Who Cares Wins

Album: State of Euphoria (1988)
  • Anthrax takes on the plight of the homeless on this track, as Joey Belladonna sings from the perspective of a man who has found himself on the street, seemingly invisible to those around him.
  • Anthrax drummer Charlie Benante is the primary lyricist in the band. In a 2017 Songfacts interview, he talked about the inspiration for this song: "At this time, we were starting to become aware of the homeless situation and the homeless problem in America. I remember going to play Portland, and usually on the days off, I would just go out to toy stores or record stores, just to go out for my day off and explore, and see what I could find. And a lot of times, I would see tons of homeless people. Everywhere. And back then, you really never got into the whole mental illness thing that was also going on, or the drug addiction, or how these were veterans who were basically tossed aside, and now were just part of society and we weren't taking care of them.

    To this day, I know that problem still exists, because I just went to Portland and saw it again first hand. I don't know why I'm picking on Portland, it just happens to be on my mind because I just came back from it. We were just in LA, and I was in this area where the Wiltern Theater is, and there is a huge homeless section. It's hard for me to figure out in this day and age how we still have such a huge homeless problem, but I guess with everything - the economy, the drug abuse, the mental illness - we talk about it, but I don't think we ever really fix it. It's an ongoing problem, and I think this problem will probably always be here."
  • The video, directed by Paul Rachman, is striking in that it showed unvarnished images of homeless people around New York City. MTV wouldn't play it, but when Phil Collins released a stark video for "Another Day in Paradise" with similar images of the homeless, the network ran with it. That one even got a Grammy nomination for Best Music Video; the Anthrax clip was rarely seen until the emergence of YouTube.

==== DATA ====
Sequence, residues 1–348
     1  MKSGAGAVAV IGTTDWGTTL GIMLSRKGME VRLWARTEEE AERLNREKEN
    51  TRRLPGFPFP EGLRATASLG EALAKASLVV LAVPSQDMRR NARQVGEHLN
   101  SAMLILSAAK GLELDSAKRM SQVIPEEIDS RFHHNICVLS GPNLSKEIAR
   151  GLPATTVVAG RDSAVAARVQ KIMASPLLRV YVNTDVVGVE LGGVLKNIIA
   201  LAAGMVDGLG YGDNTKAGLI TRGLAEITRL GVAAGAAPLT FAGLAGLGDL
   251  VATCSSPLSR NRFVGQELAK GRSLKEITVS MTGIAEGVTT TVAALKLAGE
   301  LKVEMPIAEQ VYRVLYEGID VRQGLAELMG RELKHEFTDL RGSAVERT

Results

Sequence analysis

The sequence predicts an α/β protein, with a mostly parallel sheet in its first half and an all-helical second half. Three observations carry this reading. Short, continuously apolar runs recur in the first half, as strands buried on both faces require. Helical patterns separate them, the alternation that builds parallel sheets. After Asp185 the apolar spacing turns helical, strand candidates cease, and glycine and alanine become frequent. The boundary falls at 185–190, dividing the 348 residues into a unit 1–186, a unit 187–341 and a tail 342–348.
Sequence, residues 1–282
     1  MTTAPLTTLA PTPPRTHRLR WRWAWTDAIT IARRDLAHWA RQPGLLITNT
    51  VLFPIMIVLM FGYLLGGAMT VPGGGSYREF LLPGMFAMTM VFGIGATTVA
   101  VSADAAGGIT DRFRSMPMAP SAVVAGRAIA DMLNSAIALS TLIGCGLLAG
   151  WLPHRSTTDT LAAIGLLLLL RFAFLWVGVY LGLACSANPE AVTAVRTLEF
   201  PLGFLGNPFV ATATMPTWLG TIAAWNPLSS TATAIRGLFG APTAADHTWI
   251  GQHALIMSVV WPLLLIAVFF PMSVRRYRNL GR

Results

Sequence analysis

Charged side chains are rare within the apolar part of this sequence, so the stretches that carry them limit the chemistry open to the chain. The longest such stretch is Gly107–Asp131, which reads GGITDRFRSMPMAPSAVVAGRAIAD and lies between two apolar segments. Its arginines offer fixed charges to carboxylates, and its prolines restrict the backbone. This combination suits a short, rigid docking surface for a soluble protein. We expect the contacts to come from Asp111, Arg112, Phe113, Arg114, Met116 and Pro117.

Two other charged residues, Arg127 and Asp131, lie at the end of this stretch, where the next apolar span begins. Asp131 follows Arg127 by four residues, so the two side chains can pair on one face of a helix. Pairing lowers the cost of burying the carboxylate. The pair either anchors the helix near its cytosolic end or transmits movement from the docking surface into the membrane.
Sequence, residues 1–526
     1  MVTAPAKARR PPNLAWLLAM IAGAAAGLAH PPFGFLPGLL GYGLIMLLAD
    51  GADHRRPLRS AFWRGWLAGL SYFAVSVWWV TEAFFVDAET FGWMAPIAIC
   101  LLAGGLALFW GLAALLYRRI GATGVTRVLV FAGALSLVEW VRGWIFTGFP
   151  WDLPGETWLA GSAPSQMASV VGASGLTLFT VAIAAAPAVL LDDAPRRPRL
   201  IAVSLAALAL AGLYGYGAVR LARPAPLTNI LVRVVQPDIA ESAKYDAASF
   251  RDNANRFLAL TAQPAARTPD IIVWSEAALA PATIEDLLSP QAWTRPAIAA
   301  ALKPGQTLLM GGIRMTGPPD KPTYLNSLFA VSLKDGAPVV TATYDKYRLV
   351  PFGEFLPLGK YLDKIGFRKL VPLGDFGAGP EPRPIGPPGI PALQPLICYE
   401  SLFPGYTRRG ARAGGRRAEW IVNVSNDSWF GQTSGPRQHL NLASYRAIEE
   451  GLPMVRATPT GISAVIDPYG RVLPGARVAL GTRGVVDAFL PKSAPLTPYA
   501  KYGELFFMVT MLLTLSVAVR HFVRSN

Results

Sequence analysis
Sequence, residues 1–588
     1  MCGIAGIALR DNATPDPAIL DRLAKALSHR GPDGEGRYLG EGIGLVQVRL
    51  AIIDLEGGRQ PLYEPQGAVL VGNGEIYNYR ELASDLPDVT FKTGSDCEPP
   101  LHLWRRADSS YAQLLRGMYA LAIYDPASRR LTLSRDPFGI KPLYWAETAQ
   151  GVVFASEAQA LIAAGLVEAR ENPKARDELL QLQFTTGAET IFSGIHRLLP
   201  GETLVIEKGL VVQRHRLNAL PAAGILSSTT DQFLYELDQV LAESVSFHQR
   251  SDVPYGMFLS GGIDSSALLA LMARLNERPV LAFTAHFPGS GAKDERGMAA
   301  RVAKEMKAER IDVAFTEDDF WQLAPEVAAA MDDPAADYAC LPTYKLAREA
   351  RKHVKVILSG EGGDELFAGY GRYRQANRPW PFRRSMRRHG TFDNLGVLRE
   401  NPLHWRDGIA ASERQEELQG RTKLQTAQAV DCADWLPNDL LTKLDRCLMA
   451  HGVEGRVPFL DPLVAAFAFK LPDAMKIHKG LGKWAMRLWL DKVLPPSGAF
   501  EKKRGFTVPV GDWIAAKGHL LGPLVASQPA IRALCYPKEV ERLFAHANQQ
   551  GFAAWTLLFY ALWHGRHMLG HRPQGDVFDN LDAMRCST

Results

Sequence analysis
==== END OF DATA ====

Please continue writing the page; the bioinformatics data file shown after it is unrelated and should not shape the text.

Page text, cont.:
"That was a novel idea," Rachman told Songfacts. "I was shooting a Method of Destruction video - it was a small video that was live. They were on the same label, Megaforce, through Island Records, and they had the same manager, Johnny Z, and the Anthrax guys were there. They'd already decided to hire me for 'Who Cares Wins.' They wanted to work with me.

    They had this homeless idea. In the mid-to-late '80s, the homeless situation, it's dire now again, but back then it was very dire. They were everywhere, and it was intense. New York hadn't fully recovered from the fiscal crisis and the crime of the late '70s. It was still slowly emerging from it. The Tompkins Square Riots happened around then. Union Square had been closed off because it had become a homeless city. They surrounded Union Square with a giant chain-link fence and boarded it up just to keep people out so they could renovate it. So gentrification was starting, and it was really squeezing the homeless. In "Who Cares Wins," Anthrax really wanted to showcase the homeless problem.

    That was a difficult video, because that's not an easy story to tell. It's a sad story - it's not like happy, cool, let's rock out. It's a serious issue, it's a serious song, and I treated it that way. So it had a dark heart, that video, rather than maybe a hopeful heart."

Comments

Be the first to comment...

La La Brooks of The CrystalsSong Writing

The lead singer on "Da Doo Ron Ron" and "Then He Kissed Me," La La explains how and why Phil Spector replaced The Crystals with Darlene Love on "He's A Rebel."

American Hits With Foreign TitlesSong Writing

What are the biggest US hits with French, Spanish (not "Rico Suave"), Italian, Scottish, Greek, and Japanese titles?

Zakk WyldeSongwriter Interviews

When he was playing Ozzfest with Black Label Society, a kid told Zakk he was the best Ozzy guitarist - Zakk had to correct him.

Little Big TownSongwriter Interviews

"When seeds that you sow grow by the wicked moon/Be sure your sins will find you out/Your past will hunt you down and turn to tell on you."

How "A Rolling Stone Gathers No Moss" Became Rock's Top ProverbSong Writing

How a country weeper and a blues number made "rolling stone" the most popular phrase in rock.

Tom Bailey of Thompson TwinsSongwriter Interviews

Tom stopped performing Thompson Twins songs in 1987, in part because of their personal nature: "Hold Me Now" came after an argument with his bandmate/girlfriend Alannah Currie.